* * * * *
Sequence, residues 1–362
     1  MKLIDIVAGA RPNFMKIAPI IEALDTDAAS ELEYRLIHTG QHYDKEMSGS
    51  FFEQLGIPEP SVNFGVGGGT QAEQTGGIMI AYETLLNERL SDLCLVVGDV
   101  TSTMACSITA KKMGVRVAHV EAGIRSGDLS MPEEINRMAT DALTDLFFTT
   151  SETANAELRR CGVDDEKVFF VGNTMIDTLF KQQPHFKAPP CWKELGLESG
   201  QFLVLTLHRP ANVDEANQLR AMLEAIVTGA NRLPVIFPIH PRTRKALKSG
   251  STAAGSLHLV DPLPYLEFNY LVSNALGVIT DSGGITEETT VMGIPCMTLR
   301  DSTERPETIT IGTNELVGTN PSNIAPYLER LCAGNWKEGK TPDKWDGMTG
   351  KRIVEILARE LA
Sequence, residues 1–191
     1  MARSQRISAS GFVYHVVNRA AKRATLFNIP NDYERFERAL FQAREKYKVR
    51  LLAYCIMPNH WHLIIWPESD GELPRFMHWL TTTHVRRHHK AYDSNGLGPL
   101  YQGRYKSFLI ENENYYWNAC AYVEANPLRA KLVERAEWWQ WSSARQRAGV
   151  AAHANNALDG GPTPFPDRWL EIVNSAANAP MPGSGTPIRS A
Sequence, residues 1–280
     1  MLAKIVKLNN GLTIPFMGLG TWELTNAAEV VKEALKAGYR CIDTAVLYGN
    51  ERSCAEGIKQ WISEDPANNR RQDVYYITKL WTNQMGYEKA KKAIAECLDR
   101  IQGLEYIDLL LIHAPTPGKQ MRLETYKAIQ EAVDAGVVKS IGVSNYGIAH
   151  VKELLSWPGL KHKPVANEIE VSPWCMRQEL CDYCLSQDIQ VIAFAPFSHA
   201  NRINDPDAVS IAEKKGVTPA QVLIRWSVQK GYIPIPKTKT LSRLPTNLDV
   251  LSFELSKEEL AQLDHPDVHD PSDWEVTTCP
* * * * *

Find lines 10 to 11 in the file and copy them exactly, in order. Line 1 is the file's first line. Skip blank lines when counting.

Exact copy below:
Sequence, residues 1–191
     1  MARSQRISAS GFVYHVVNRA AKRATLFNIP NDYERFERAL FQAREKYKVR